As proof-of-principle of the OCT imaging system developed in the study, the scientists successfully replicated experiments that were previously conducted by Su et al. in industrial ceramics. The previous work had determined that a 4 µm wavelength OCT system was able to image through a milled alumina plate to reveal its internal structure. To test this, Israelsen et al. obtained similar ceramic samples from the same provider; where the ceramic stack contained three layers of plates (C1-C3; zirconium, 476 µm thick alumina and 300 µm thick alumina). The sample was scanned and imaged from the top zirconium plate downwards, the results were consistent with the previous findings. To further support the findings, the scientists performed a series of Monte Carlo simulations using MCX open source software, to qualitatively confirm improved visualization of in-depth interfaces in the 4 µm OCT images.
The scientists then showed reduced scattering for 4 µm OCT compared to the 1.3 µm OCT setup using an alumina tape material. The results indicated that image distortion due to dispersion was less pronounced in the 4 µm OCT system. The feature could be useful to characterize silicon-based devices, including microelectromechanical systems, solar cells and waveguides.
For 3-D imaging of more complex, non-uniform structures, the scientists imaged a Europay, MasterCard, Visa-chip (EMV chip) and a near-field communication antenna embedded in a standard credit card. Credit cards are commonly made from several laminated polymer layers mixed with a variety of dyes and additives. Using the 4 µm OCT setup, the scientists identified three layers of highly scattering polymers, which could not be penetrated by the 1.3 µm OCT system due to its high scattering properties in the near-IR region.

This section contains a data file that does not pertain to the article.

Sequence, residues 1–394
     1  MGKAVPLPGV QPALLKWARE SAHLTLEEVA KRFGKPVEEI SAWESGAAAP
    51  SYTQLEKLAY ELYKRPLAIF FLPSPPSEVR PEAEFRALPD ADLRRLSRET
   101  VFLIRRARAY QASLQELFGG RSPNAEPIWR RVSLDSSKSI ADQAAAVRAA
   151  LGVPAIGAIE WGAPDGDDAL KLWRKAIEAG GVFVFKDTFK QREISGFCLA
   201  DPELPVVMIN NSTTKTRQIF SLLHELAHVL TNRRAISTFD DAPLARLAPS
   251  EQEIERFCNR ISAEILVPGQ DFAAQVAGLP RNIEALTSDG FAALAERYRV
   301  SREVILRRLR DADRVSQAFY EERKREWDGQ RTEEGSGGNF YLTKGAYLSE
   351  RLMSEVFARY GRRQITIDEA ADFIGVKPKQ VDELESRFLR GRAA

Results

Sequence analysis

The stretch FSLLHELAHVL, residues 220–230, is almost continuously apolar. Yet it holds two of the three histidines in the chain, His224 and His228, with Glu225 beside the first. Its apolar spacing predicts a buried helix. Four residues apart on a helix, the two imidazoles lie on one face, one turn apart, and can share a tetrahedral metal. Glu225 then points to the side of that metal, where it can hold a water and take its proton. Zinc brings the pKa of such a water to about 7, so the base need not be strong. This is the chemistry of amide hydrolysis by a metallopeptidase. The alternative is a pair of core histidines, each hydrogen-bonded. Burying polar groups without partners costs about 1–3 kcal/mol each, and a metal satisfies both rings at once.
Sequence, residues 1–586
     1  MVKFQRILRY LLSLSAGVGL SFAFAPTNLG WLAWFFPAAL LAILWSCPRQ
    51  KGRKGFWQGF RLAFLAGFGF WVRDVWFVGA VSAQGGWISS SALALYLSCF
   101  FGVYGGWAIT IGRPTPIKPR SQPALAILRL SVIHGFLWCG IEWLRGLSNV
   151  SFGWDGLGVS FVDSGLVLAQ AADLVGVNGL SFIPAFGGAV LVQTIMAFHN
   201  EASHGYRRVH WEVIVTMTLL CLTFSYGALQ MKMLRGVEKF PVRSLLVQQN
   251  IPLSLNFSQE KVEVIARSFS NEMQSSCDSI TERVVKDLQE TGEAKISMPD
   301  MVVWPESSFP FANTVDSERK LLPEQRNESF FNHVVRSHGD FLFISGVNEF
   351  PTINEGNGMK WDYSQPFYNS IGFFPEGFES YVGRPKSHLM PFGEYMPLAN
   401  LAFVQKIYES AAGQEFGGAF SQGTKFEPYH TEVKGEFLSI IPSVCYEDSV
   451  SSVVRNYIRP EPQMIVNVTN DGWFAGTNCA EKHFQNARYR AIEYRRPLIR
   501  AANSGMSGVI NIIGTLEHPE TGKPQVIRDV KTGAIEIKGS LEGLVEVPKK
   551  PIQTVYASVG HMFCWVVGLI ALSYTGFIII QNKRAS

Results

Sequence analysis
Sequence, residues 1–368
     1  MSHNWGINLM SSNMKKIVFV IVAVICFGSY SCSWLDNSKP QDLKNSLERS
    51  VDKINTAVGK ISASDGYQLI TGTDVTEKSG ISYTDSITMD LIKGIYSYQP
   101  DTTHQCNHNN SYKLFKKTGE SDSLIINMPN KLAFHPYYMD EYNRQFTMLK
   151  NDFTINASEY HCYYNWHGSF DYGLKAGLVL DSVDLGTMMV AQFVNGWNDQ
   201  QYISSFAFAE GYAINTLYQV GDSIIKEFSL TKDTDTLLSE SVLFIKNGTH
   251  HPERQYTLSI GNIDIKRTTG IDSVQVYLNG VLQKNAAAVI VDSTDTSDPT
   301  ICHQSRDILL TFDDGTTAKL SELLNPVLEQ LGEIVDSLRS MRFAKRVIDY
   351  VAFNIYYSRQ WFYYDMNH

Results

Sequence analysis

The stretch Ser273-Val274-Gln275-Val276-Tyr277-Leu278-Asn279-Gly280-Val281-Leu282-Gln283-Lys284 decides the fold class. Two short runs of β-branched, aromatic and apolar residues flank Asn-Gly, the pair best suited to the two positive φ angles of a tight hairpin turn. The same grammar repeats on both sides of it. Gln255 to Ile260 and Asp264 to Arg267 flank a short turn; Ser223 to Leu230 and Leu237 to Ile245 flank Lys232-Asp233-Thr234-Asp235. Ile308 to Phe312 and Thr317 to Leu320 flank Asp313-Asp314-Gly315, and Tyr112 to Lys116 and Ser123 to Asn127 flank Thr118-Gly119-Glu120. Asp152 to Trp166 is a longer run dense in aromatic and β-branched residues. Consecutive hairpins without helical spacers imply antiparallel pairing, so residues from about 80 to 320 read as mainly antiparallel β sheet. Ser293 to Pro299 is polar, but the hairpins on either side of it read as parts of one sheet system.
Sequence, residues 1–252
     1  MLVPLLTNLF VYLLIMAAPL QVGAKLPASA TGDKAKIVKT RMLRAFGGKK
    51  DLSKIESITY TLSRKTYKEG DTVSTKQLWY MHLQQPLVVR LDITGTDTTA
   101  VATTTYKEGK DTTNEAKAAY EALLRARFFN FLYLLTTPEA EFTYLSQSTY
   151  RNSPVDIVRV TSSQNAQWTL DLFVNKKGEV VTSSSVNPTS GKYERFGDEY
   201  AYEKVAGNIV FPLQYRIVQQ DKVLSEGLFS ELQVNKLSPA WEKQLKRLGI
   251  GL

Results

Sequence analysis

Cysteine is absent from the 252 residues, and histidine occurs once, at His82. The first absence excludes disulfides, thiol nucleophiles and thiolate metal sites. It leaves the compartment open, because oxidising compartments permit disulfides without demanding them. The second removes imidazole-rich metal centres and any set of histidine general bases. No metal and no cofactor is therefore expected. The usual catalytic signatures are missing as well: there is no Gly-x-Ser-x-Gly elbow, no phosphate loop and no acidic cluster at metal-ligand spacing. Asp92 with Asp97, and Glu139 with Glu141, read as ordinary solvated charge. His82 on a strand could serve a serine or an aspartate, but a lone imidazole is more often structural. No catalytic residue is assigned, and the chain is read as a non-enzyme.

In some instances, they even detected the rear of the card at a thickness of 0.76 mm. Israelsen et al. observed that below the first scattering polymer layer, an encapsulation layer protected the embedded silicon microprocessor. They also observed the bonded wires and circuitry that connected the microprocessor to the underlying gold contact pad.
Research work by Israelsen et al. indicated that the 4 µm OCT system was superior to the 1.3 µm OCT system. Since OCT imaging at longer wavelengths increased water absorption in samples this naturally excluded biological samples from the setup. However, the system was remarkably devoid of vibrational resonances (i.e. showed low noise and reduced scattering) and therefore ideal for non-destructive testing (NDT) of solid structures.
In this way, Israelsen et al. demonstrated fast, real-time, spectral-domain OCT imaging in the mid-IR region. The resulting axial resolution of imaged samples was as high as 8.6 µm, together with a lateral resolution of 15 µm to obtain microscopic details of structures embedded in highly scattering media. The results were superior in comparison to the more conventional 1.3 µm wavelength OCT setup. The scientists meticulously validated the new results by successfully replicating previous reports. The new work bridges a gap by realizing the mid-IR OCT technology in real-time for practical applications as an industry ready-tool for non-destructive testing.
Nathan D. Shemonski et al. Computational high-resolution optical imaging of the living human retina, Nature Photonics (2015). DOI: 10.1038/nphoton.2015.102
Qianqian Fang et al. Monte Carlo Simulation of Photon Migration in 3D Turbid Media Accelerated by Graphics Processing Units, Optics Express (2009). DOI: 10.1364/OE.17.020178